# Integers n such that sigma(n)=omega(n)n and omega(n) divides n

Are there other integers $n$ than even perfect numbers such that $\sigma(n)=\omega(n)n$ and $\omega(n)\vert n$?

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No. Consider how the product p/(p-1) grows where the product is taken over the first omega many primes. This puts a sharp upper bound on omega and should imply n is even for the first equation to hold. If omega is greater than 2, an exhaustive search should finish it off. Gerhard "Ask Me About Pi Inverse" Paseman, 2013.05.14 –  Gerhard Paseman May 14 '13 at 17:48
Even if you relax the first equation to n being multiply perfect, I suspect there will still be sharp limits for divisibility, e.g. omega might need to be even and possibly abundant itself in order for it to be a factor of n and significantly greater than 2. Gerhard "Feels That's How It Is" Paseman, 2013.05.14 –  Gerhard Paseman May 14 '13 at 17:56

For $n=120$ we have $\omega(120)=3$ and $\sigma(120)=360=3\cdot 120=\omega(120)\cdot 120$ with $\omega(120)\mid 120$. This is not an even perfect number.

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Darn. Looks like I spoke too soon. I will see if I can prove that there are no other examples. Gerhard "Drats! Foiled Again By Counterexample!" Paseman, 2013.05.14 –  Gerhard Paseman May 14 '13 at 18:03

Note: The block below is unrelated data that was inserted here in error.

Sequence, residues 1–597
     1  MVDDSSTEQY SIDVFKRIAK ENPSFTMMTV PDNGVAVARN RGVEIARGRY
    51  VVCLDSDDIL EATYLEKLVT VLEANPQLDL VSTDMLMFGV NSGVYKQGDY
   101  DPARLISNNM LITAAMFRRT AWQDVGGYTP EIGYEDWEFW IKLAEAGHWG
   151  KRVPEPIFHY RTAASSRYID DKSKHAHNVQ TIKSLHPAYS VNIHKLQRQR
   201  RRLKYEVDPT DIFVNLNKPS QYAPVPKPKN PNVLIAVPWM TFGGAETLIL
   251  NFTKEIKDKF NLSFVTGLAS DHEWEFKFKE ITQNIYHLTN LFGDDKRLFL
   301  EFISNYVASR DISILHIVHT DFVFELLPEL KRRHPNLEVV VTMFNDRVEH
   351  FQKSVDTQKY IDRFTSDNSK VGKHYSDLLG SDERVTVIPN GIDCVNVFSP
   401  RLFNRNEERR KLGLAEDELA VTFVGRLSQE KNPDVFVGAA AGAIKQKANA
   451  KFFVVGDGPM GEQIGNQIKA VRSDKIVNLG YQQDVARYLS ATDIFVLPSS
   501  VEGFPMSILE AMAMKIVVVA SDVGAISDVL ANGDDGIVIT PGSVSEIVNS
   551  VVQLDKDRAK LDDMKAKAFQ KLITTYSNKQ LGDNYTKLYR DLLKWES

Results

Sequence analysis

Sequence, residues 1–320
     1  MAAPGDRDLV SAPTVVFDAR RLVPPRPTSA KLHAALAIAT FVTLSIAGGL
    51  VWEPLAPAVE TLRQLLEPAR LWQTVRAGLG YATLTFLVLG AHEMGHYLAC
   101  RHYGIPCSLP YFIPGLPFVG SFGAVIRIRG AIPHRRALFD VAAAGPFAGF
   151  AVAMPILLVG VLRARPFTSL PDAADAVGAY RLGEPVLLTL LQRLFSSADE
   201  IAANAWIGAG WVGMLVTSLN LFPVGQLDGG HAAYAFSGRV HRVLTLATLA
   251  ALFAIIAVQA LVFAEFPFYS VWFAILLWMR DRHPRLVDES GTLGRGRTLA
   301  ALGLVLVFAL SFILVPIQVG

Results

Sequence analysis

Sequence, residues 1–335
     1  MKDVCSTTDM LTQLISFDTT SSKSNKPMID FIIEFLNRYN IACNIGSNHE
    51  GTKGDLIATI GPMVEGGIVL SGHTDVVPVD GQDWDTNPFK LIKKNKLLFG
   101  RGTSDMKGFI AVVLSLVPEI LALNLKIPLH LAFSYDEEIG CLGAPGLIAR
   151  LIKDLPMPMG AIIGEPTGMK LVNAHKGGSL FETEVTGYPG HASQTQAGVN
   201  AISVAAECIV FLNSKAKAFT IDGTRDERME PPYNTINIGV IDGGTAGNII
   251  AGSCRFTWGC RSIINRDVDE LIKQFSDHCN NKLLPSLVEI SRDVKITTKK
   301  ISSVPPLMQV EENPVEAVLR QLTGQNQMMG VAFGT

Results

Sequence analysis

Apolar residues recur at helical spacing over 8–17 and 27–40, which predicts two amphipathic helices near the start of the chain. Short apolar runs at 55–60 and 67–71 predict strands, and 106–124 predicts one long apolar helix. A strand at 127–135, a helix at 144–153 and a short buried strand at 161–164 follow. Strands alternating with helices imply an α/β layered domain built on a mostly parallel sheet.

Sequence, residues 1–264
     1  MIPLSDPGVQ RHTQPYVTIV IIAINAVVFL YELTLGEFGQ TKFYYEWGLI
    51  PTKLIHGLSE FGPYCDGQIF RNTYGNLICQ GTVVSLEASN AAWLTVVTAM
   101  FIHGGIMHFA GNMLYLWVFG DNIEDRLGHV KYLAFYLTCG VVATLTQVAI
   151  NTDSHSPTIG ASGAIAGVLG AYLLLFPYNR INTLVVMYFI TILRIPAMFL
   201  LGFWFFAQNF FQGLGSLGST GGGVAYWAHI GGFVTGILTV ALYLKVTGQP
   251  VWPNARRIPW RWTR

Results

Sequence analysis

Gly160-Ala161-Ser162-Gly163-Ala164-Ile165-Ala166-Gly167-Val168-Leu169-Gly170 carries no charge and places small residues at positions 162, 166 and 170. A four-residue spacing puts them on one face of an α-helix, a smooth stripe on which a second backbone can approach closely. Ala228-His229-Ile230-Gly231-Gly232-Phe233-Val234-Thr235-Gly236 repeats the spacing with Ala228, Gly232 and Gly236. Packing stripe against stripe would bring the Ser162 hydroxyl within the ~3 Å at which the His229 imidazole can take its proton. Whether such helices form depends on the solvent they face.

@Gerhard: Well, this can happen easily. By the way, integers $n\ge 1$ with $\sigma(n)=mn$ for some $m\ge 2$ are called m-multiple perfect numbers, and there are several of them (see matwbn.icm.edu.pl/ksiazki/mon/mon42/mon4204.pdf). –  Dietrich Burde May 14 '13 at 18:51
And it looks like 30240 is another example. I suspect there are not many more. Gerhard "Ask Me About Premature Speaking" Paseman, 2013.05.14 –  Gerhard Paseman May 14 '13 at 20:33

Humbled by Dietrich Burde's example, here is my motivation for saying that there won't be many such.

Consider $\sigma(n)/n$. This is bounded above by a number I will call $P(n)$ and define as $P(n) = \prod_{0 \lt i \leq \omega(n)} \frac{p_i}{p_i - 1}$, which involves the smallest primes $p_i$. Note that when $\omega(n) \gt 4, P(n) \lt \omega(n).$ So any hope of the first equation having a solution implies that $n$ has at most 4 distinct prime factors. The case when $\omega(n)=2$ nicely captures the even perfect numbers, so let us move on to $\omega(n)=4$. Using the finer inequality $\sigma(n)/n \lt \prod_{p |n, p \text{ prime}}\frac{p}{p-1}$ gives $n = 2^a3^b5^cp^d$ for some prime p and positive integers $a,b,c$ and $d$, and further $15p/4(p-1) \gt 4$, so $p \lt 16$.

Now that we have a limit on p, we can use Zsigmondy's theorem and multiplicativity of $\sigma(p^k) = \frac{p^{k+1} - 1}{p - 1}$ to limit the exponents $a,b,c$ and $d$ to at most $6$. So there will be at most finitely many cases to check. More on the finitely many cases later.

For $\omega(n)=3$, a similar analysis implies $n=2^a3^bp^c$, although there seem to be more primes $p$ to check. However, appealing to Zsigmondy again gives bounds on the exponents, and again there will be finitely many cases.

Having exhausted myself before the exhaustive search, I will report back later with additional findings.

EDIT 2013.05.16 So I was right, but in a somewhat surprising fashion. There are finitely many cases to check, it can be done by hand, Zsigmondy's theorem can help, and there are examples, two for $\omega(n)=3,$ and one for $\omega(n)=4$.